Have you ever been stopped by the police or sheriff while walking or driving? I have. I was going a little too fast. Once, I made an illegal u-turn. Other than that, I’ve made it through over forty years of driving without being stopped.
And I have certainly never been stopped because I was female and white.
You know where this is leading.
Since the events in Ferguson MO, I have been – again – doing a lot of thinking and reading about race. How can we not?
But most of us don’t go very deep.
I was raised with what today is called “white privilege.” I don’t know what it was called back when I was being raised with it. It probably wasn’t yet called anything.
I didn’t know I had white privilege. It was easy to not know this because other than two families who had slightly darker skin than my family did, everyone in my neighborhood, everyone in my school, in fact, looked just like me. It was simply “normal” to have light skin, a dad with a good job, and a mom who was a housewife.
in high school, I got to know a few minorities. However, it wasn’t until after graduation that I understood that every single one of the black students lived, literally, on the other side of the tracks. It wasn’t until after graduation that I learned about the swimming pool in the basement of the high school that had been closed down because “the Colored” wanted to swim there, too.
So what does it mean to have white privilege?
For one, it means I don’t have to worry about being pulled over for some obscure reason when I’m driving. And if by some chance I am, I have no fear of being shot. Even if I question the officer’s motives in stopping me, said officer might get a bit testy, but I won’t have a gun pulled on me. I won’t get shot.
I know far too many young black men who have been pulled over – repeatedly – for daring to drive down our county roads. In broad daylight. At night, they’re pulled over and the office approaches, hand on gun. These are young men who live here. They must be sick of it. I would be.
White privilege means that if I chose to, I could purchase a rifle, sling it over my shoulder, and walk through the local grocery store.
I don’t know a single person who is not white who could pull that one off. In fact, just a few weeks ago, a young Black man was in Walmart. He picked up a pellet gun in the toy department. A customer saw him with the gun and dialed 9-1-1. He never had the chance to set the gun down before the police shot him. Can you imagine a young white man being shot for picking up a pellet gun? Can you imagine someone even dialing 9-1-1?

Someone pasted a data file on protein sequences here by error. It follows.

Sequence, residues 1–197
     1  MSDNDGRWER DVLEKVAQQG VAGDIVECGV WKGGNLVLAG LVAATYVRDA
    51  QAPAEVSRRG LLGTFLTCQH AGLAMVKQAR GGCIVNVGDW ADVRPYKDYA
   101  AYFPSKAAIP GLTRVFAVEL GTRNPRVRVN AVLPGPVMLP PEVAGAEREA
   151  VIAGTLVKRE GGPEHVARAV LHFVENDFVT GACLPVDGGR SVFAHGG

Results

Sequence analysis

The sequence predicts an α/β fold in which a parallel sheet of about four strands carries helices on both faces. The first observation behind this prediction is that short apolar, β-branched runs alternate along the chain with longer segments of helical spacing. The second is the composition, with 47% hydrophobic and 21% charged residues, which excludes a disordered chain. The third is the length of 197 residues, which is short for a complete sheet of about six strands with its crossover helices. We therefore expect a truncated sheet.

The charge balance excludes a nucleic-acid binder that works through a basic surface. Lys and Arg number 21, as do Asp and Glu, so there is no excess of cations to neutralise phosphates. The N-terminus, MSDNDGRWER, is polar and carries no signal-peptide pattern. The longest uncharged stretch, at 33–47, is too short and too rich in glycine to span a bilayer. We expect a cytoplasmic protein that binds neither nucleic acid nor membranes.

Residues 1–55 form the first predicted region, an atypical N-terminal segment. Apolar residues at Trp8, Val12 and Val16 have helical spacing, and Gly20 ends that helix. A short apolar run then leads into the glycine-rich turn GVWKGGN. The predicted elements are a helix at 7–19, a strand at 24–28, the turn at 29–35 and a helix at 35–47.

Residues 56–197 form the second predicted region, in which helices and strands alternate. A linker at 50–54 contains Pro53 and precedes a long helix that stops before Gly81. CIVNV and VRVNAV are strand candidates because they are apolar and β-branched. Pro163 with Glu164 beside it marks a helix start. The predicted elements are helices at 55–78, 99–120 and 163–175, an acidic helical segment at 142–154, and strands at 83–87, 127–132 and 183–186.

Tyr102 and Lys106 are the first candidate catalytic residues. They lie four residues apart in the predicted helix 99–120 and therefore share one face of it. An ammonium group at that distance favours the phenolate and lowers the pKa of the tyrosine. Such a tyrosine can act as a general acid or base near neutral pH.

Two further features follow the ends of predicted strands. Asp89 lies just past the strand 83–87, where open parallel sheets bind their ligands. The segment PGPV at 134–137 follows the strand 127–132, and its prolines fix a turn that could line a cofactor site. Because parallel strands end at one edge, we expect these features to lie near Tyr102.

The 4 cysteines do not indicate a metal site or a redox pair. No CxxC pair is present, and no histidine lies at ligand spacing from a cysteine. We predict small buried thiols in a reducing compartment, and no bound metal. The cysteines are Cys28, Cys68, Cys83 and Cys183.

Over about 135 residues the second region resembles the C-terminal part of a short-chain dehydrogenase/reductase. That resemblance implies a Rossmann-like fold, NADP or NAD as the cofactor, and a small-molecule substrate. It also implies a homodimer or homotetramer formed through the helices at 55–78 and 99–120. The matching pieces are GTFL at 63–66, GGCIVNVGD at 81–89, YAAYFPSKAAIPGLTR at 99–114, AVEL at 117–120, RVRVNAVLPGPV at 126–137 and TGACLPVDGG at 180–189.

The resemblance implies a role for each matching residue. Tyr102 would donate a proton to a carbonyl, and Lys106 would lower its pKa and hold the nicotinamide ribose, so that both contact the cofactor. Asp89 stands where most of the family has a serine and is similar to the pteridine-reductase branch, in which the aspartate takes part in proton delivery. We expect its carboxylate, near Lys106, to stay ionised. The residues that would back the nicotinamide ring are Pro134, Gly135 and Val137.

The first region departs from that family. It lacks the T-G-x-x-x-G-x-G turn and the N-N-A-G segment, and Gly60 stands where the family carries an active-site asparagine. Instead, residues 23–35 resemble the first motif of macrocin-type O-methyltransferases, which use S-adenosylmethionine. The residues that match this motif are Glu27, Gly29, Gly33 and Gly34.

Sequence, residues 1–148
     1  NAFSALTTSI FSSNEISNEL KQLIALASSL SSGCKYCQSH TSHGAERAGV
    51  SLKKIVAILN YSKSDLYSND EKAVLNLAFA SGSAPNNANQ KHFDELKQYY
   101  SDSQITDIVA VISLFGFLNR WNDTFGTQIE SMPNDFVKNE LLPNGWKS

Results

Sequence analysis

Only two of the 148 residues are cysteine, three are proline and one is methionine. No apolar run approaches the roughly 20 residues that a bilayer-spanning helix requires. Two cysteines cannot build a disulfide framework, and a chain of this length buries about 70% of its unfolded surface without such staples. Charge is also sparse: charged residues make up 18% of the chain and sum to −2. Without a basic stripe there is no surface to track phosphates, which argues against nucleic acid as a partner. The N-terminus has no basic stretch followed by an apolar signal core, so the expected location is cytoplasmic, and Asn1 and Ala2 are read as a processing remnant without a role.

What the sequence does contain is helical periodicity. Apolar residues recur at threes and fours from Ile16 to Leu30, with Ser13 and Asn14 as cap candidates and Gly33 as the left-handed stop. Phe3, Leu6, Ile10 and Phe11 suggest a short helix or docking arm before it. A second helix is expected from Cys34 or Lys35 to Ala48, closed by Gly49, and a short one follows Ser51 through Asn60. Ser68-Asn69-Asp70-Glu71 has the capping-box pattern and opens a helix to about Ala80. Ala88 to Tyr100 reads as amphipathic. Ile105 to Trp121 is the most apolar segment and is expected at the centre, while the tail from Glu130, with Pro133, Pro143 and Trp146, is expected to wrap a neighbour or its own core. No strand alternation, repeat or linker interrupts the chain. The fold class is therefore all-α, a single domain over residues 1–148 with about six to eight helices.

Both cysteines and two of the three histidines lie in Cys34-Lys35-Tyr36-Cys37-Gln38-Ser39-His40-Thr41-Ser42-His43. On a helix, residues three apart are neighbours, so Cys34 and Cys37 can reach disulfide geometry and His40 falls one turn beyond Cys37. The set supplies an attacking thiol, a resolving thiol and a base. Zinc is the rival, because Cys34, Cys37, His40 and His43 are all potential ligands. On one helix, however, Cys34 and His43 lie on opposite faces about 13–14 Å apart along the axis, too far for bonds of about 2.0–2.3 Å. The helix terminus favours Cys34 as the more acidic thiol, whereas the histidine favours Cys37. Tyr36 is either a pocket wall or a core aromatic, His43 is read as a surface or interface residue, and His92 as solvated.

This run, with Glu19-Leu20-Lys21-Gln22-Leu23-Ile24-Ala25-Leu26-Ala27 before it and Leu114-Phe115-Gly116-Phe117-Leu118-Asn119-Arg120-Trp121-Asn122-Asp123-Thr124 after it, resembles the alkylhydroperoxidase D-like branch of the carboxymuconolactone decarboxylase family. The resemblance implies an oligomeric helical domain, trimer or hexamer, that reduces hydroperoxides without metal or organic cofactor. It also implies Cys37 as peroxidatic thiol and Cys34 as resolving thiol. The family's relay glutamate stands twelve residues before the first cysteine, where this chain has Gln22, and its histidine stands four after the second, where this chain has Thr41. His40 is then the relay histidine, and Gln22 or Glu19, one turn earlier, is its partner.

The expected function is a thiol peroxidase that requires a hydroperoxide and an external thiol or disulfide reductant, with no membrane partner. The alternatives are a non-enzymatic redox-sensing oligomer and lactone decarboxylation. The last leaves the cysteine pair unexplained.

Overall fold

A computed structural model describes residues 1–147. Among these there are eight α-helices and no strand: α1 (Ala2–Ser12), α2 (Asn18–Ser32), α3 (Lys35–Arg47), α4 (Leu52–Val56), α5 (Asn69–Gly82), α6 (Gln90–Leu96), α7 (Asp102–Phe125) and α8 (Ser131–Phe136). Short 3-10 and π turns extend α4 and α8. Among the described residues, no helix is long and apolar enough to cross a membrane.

No once crosses the street because she is afraid I’ll grab her purse. And if I did grab that purse, it’s not likely I’d get shot while running away.
No one follows me through a department store, fearful I’ll be shoplifting. I had a white girlfriend in college who shoplifted and no one ever gave it a thought when she went into a store. My black friends were closely watched.
Over $400,000 has been collected to support the policeman who shot Michael Brown – before he’s even been charged with anything. And some of the donors have made such racist, hateful statements that it is shocking, even to me, one who has heard quite a bit.
I am not sure what we do about this except to speak out. Over and over, Black youth – and adults – are gunned down before they can even explain what they’re doing. Remember Renisha McBride? She was in a car accident and her cell phone was dead. She knocked on a door and when no one answered, turned around to leave. That’s when she was shot by the homeowner.
We all, whatever our race and whatever our privilege or lack of privilege may be, must speak against the madness of assuming that Black = dangerous. We need to all stand together on this. Letters to the editor. Attend rallies in each other’s neighborhoods. Cross the race barrier.
I marched for equality in the 1960s. It saddens me, sickens me, that I have to do it still today.